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If I Knew Then, What I Know Now // A Special Education Teacher’s Perspective on AAC

BIGmack "Communication" Meme

Equipped with a M.A.T in Special Education is for k-12 students who access the general education curriculum, I began my teaching career in a classroom of 11 students with autism, multiple disabilities, and intellectual disabilities in a special education school (not exactly what my 5 years of higher education focused on).  Unfortunately, the extent of my exposure to AAC in college was limited and I went into the field without the knowledge I needed to teach my students. My first few years teaching were full of reprogrammable BIGmacks, 2 cells, and 8 cells. Hours were spent making “communication” books full of picture symbols that were not organized and went missing constantly. At one point, I was given an iPad with TouchChat for a student and spent hours programming the pages in a way that made sense to me. There were so many amazing students with complex communication needs that I failed to provide with appropriate language instruction and communication systems. 

2 years ago, I went to a mandatory after-school training run by our new AT Specialist (Amanda- the other half of AACreATively) and heard the words CORE LANGUAGE for the first time (afterwards I felt a lot like the ashamed bunny in the meme above). Since that training, I have learned so much about AAC that I wish I had known as a first year teacher.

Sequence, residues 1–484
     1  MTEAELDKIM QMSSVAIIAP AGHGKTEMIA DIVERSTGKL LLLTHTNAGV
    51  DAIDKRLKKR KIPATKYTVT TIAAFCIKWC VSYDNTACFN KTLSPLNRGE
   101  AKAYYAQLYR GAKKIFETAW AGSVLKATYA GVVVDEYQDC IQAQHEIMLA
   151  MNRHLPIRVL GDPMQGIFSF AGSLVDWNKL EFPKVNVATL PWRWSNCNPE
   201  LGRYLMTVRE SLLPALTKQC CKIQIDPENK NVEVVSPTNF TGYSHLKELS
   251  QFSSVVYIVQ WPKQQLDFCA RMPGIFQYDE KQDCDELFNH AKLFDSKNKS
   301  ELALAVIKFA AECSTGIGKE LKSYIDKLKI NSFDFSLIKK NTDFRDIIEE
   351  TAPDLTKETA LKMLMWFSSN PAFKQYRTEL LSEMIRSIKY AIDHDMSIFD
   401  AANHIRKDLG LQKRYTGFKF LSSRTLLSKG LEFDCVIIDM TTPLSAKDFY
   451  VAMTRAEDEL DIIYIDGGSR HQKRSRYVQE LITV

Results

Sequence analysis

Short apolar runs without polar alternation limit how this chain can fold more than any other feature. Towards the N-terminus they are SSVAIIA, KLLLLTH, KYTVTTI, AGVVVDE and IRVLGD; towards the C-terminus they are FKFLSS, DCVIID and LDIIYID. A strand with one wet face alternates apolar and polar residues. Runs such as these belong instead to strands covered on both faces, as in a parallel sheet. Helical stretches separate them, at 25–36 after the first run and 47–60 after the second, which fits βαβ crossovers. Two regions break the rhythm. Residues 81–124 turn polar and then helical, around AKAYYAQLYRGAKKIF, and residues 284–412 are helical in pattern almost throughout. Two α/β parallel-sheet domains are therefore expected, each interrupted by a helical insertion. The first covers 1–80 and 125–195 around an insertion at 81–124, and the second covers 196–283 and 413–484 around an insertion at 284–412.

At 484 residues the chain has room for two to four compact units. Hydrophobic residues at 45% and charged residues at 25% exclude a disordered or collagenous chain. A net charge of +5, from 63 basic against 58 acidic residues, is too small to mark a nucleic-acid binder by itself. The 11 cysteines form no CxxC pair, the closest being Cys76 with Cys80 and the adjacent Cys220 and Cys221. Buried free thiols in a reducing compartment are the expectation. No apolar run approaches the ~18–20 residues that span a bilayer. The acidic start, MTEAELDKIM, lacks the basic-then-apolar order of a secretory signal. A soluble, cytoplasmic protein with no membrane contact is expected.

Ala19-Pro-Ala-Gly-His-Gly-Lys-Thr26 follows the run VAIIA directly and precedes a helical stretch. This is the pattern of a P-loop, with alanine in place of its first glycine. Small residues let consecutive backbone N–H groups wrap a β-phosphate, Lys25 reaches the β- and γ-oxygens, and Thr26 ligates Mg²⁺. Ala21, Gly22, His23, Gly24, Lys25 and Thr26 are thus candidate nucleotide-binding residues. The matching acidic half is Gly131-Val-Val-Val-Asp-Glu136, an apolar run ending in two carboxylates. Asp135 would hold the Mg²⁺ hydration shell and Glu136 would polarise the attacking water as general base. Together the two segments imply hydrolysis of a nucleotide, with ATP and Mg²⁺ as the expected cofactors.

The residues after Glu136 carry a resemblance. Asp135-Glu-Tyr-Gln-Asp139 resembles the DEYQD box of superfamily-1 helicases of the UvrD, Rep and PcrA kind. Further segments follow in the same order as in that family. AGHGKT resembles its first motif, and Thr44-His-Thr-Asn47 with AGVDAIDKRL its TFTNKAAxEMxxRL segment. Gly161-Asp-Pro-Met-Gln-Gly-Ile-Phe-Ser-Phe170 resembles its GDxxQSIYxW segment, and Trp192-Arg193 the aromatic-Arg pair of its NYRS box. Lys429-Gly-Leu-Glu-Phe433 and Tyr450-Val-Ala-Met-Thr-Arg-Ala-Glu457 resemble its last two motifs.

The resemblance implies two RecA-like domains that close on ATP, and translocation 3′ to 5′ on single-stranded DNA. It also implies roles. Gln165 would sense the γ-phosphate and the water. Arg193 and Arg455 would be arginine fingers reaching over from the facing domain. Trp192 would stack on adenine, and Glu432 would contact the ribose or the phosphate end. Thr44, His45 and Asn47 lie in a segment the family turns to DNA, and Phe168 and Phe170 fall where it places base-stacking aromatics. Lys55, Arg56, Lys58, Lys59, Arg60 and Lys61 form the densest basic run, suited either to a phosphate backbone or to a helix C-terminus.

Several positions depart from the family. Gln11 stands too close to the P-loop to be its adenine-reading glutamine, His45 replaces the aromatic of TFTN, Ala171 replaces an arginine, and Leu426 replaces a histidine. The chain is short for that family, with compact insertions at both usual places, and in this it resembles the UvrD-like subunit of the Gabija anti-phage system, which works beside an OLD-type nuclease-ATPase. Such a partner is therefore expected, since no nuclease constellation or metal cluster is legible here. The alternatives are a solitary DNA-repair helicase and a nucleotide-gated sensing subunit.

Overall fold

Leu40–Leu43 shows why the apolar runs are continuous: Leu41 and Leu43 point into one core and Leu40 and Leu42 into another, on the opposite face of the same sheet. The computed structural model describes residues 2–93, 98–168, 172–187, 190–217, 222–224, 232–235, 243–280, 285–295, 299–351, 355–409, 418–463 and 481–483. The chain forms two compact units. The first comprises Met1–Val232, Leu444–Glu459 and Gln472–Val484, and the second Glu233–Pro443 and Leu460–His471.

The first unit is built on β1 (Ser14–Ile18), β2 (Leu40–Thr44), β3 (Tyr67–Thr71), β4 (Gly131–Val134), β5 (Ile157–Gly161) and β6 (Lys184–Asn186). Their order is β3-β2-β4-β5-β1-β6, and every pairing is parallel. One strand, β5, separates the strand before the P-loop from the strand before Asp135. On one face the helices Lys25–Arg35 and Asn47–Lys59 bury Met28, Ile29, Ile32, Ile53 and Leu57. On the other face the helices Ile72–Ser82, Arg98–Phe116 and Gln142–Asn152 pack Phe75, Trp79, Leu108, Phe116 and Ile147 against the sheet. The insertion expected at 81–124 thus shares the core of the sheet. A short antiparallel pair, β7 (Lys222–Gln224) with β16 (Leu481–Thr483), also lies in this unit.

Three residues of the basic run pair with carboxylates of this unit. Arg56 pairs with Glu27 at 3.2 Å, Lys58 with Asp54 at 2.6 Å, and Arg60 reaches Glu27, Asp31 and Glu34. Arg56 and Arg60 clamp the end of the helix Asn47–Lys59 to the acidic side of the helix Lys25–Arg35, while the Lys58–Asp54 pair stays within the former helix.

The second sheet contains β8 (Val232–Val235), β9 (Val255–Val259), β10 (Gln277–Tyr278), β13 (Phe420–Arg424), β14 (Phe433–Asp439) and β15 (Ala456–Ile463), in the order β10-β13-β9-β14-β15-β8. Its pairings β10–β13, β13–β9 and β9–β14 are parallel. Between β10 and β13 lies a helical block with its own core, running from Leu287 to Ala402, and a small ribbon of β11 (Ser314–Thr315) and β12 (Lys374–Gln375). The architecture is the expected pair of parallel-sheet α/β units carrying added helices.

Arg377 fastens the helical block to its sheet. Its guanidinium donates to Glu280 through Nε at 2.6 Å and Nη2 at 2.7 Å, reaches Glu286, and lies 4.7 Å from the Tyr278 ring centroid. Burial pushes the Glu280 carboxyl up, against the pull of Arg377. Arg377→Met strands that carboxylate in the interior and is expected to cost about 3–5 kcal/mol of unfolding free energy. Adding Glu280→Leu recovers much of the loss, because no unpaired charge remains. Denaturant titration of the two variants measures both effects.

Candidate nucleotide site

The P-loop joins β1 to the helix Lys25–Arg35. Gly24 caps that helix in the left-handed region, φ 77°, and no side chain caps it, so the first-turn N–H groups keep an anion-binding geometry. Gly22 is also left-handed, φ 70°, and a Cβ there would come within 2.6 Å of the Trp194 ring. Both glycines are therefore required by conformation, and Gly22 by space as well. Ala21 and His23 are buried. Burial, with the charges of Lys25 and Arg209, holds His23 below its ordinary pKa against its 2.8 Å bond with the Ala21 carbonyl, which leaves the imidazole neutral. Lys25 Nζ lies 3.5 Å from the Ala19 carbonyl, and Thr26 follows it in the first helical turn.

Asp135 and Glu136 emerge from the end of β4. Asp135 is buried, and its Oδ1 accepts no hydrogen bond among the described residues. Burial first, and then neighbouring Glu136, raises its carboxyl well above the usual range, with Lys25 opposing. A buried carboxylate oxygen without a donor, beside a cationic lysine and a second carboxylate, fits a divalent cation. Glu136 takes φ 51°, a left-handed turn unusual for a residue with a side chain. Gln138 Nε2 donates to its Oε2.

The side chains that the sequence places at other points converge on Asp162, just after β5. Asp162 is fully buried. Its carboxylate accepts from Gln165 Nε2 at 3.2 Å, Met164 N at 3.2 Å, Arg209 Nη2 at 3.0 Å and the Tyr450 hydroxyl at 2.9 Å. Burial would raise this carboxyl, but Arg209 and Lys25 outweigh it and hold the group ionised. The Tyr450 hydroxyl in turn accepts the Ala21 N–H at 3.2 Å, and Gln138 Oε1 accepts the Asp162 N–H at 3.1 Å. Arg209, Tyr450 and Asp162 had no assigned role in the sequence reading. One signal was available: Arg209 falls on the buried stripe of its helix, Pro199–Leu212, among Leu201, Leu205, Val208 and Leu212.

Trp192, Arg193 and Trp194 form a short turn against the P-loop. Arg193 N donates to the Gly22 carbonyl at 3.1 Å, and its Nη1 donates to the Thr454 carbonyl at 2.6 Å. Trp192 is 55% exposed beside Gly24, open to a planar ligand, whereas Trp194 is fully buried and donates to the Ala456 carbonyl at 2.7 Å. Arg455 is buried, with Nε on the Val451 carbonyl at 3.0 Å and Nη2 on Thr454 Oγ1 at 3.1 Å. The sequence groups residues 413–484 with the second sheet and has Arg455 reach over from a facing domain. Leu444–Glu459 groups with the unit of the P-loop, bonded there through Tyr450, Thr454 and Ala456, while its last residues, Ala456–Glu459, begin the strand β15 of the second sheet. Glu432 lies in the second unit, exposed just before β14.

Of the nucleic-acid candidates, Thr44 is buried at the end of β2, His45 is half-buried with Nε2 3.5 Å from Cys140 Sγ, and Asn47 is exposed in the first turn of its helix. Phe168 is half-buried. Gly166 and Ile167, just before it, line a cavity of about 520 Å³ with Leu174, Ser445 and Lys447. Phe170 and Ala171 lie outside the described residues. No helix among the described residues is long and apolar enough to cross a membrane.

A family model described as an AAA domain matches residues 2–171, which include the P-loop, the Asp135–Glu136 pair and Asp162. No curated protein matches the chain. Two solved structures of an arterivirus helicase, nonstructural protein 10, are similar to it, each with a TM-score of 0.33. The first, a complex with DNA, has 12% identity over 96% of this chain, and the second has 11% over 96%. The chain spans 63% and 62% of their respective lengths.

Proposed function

Here is a list of 10 things I wish I had known my first year of teaching:

  1. Communicate regularly with your classroom SLP (I promise they don’t bite)! Become knowledgable about communication and language development. Ask questions,co-plan/teach activities, request trainings on individual student systems, go to trainings/conferences or watch webinars together, and share your knowledge and experience. 
  2. Finding an appropriate communication system is the most important thing you can do for your students. You can’t teach effectively if your students can’t communicate. Make this a priority! 
  3. OT and PT can provide valuable insight when choosing a communication system and determining access. Ask questions and learn from them.
  4. Speak up if you disagree with a choice the rest of the team is making (before the IEP meeting). Not every therapy provider is up-to-date on what is best practice. It is up to you to question something you are unsure about and ask for further explanation.
  5. Presume Competence! You have a classroom of students who will blow you away with what they can do if you provide them with the opportunity. 
  6. Find your AAC heros on the internet! Presuming competence and advocating for your students can feel lonely and isolating at times. There are some amazing professionals, parents, and AAC users out there that can make you feel like part of a communication revolution. 
  7. Read and re-read ASHA’s Communication Bill of Rights.